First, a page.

Faye Schulman was a Jewish partisan photographer who courageously fought against Nazis with both a gun and a camera. She was the only photographer to document resistance efforts in Eastern Europe during World War II.
Faigel “Faye” Lazebnik Schulman was born on November 28th, 1919, in the Eastern Poland city of Lenin (a town that’s in modern-day Western Belarus).
Faye’s brother Moishe was a photographer, and he taught her the skills of shooting photos, developing film, and making prints.
When the Nazis invaded the area in 1941, 1,850 of the Jews in the town were rounded up in a ghetto except for six “useful Jews” that included a tailor, a carpenter, and a photographer. That photographer was Schulman.
The following year, on August 14th, 1942, the Nazis killed all 1,850 Jews living in the ghetto, including Schulman’s family. Schulman was one of just 26 people spared that day due to her skills as a photographer, J. reports.
“After the killing, I continued to work as a photographer for them and I was hoping maybe there will be somehow a way how I could escape and I could join the Partisans,” Schulman says. “I could have escaped when the people were alive. But if I would have escaped, the whole family would be killed, another 50 people.”
Schulman was working as a photographer for the Nazis when she was given film of the massacre to develop. While working with the photos, Schulman was horrified to find photos of her own murdered family in the mass graves, and this steeled her resolve to join the partisans.
Schulman spoke about this memory in this interview she gave some years ago:
“[T]hey brought me again the films to develop and […] in one of the films I noticed this is the trenches where my family is,” she says. “[T]his picture is the exact […] trench where my family is shot — my father, my mother, my 2 sisters, my sister’s 2 children and the husband, and my 2 younger brothers and they’re all shot all in those 3 trenches and they covered up […]”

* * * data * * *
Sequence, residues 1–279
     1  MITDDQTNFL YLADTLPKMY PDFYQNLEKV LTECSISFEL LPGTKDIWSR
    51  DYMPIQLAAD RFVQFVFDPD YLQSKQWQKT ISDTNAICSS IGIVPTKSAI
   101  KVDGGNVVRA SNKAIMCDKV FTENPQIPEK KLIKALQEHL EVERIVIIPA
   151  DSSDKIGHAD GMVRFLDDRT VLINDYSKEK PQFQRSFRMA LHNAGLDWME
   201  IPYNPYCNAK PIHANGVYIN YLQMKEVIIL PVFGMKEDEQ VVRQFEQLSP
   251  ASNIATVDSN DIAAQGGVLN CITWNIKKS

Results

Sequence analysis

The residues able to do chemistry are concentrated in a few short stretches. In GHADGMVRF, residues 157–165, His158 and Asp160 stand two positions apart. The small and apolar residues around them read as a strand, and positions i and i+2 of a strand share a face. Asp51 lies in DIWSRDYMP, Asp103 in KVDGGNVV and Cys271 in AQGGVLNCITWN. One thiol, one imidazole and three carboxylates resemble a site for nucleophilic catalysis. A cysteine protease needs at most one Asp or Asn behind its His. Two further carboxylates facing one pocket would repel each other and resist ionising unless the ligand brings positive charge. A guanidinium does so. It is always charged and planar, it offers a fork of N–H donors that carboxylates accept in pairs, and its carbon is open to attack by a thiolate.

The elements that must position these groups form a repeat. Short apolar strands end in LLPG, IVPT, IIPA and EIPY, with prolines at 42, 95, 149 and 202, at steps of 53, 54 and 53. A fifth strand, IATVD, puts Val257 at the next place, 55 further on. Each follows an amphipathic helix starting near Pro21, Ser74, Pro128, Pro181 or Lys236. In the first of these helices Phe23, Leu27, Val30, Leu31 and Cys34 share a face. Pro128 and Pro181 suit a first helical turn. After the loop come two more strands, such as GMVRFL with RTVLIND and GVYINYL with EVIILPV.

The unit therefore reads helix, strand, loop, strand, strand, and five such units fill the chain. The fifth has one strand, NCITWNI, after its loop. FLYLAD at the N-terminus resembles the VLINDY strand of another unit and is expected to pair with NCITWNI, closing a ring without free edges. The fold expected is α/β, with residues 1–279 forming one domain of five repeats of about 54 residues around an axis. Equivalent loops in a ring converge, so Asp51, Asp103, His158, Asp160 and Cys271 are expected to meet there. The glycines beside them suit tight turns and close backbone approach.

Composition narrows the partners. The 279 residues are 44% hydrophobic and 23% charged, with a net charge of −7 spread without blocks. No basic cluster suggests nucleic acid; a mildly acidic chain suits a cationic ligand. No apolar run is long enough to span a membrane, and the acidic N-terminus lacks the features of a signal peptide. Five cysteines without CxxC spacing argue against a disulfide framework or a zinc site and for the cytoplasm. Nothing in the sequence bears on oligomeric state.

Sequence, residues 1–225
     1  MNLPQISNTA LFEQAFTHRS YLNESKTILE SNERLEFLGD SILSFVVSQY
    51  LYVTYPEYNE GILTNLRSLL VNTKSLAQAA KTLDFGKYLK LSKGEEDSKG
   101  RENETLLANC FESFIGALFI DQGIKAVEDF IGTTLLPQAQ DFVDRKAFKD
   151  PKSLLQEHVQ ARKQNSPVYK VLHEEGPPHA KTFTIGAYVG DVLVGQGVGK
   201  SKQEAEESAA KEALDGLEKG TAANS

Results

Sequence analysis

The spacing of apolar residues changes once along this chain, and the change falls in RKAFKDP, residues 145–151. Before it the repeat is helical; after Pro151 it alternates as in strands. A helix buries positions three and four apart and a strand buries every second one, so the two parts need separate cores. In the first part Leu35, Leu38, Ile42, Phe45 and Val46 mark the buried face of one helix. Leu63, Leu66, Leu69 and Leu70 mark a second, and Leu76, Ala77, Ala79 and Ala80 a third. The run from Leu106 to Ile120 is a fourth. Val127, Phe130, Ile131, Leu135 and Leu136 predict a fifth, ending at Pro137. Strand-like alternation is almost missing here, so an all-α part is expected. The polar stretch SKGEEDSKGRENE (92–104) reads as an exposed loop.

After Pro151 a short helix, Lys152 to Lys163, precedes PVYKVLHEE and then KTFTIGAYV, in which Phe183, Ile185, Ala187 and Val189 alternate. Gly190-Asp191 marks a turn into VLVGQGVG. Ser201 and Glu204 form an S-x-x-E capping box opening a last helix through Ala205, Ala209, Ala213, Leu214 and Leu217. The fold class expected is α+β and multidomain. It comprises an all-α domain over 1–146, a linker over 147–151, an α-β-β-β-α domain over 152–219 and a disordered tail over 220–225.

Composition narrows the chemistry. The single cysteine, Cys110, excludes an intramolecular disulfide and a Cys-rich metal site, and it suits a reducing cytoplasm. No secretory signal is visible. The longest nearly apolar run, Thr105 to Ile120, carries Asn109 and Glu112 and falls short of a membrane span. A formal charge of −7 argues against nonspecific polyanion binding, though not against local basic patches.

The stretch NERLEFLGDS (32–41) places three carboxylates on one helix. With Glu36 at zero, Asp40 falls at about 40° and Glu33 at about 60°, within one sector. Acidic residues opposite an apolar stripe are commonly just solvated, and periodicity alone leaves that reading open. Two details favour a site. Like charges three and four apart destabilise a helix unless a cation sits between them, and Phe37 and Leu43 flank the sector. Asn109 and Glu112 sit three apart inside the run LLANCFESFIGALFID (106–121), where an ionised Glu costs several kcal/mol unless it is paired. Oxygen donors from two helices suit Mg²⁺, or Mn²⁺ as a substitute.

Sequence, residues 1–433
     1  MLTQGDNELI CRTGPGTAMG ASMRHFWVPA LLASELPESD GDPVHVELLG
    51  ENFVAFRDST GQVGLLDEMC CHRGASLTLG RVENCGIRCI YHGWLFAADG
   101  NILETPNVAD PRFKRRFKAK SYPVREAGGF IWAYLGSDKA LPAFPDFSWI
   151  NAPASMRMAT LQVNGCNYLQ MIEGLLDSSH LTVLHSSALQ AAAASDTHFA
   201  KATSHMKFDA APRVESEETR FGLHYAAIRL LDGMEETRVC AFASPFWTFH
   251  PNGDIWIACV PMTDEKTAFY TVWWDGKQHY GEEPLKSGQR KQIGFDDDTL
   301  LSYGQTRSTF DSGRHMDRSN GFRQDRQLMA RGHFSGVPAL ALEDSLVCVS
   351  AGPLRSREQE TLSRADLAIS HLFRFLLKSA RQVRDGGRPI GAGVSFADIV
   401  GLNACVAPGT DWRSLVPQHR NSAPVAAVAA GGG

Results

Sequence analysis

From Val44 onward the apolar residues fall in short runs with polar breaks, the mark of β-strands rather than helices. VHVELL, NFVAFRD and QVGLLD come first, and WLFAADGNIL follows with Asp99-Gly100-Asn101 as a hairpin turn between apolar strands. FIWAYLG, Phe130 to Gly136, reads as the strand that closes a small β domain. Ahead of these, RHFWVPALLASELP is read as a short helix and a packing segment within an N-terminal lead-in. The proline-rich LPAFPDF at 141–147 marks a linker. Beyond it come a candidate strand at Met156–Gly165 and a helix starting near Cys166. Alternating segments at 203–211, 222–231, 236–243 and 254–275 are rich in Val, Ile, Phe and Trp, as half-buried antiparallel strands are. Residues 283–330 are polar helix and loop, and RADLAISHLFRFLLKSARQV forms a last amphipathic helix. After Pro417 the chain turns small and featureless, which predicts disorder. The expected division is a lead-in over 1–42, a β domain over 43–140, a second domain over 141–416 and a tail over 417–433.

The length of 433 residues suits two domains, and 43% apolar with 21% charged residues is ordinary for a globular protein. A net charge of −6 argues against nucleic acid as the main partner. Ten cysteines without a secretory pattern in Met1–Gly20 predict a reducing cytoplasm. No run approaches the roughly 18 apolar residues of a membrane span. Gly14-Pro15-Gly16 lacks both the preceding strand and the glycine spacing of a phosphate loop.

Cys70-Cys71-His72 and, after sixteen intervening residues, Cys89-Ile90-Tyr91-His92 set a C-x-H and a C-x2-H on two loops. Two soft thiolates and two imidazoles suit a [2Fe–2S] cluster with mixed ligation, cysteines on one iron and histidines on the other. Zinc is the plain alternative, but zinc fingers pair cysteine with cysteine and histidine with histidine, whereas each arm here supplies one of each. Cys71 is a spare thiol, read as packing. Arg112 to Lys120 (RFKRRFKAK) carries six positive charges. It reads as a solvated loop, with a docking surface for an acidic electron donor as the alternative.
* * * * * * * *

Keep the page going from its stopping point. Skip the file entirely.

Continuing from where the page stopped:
“I knew what’s going on and can you imagine how painful it was when I helped. […] [W]hen I developed the film, I made the positives and I made a few copies for myself and that’s how I saved the real pictures where my family’s killed in our town.”
When partisans raided the area, Schulman fled into the forest and joined a partisan group called the Molotava Brigade. She served in this group as a nurse for a couple of years.
When the group raided Lenin again, Schulman managed to recover her old camera equipment, and this is when she began documenting the resistance effort she was involved in.
“During the next two years, she took over a hundred photographs, developing the medium format negatives under blankets and making “sun prints” during the day,” the Jewish Partisan Education Foundation writes. “On missions Faye buried the camera and tripod to keep it safe.
“Her photos show a rare side of partisan activity — one is a funeral scene where two Jewish partisans are being buried alongside Russian partisans, despite the intense antisemitism in the group. In another image, Schulman and three young Jewish men smile joyously after an unexpected reunion in the forest — each believing that the other had been killed.”
Schulman showed and talked about the camera she used in this interview she gave:
“Here is my camera, the original camera that I have since 1939,” she states. “This camera I took pictures when the Russians occupied. I took pictures when the Nazis occupied and I took pictures in the Partisans. This camera was buried in the ground many times when I was in the Partisans and I were attacked and I was on assignment and many time I took it the camera out and it still works.
“And the same camera, all my pictures that I took was all with this particular camera. I would never like to part as long as I live with this camera. So many memories and so many stories and so many things happen and this camera has seen everything.”
Schulman was one of the only known Jewish partisan photographers who documented the valiant struggle.
“I want people to know that there was resistance,” she stated. “Jews did not go like sheep to the slaughter. I was a photographer. I have pictures. I have proof.”
After the war, in 1948, Schulman immigrated to Toronto, Canada, where she would live the rest of her life. Schulman passed away surrounded by family on April 24th in Toronto at the age of 101.
Image credits: Header portrait via the Jewish Partisan Education Foundation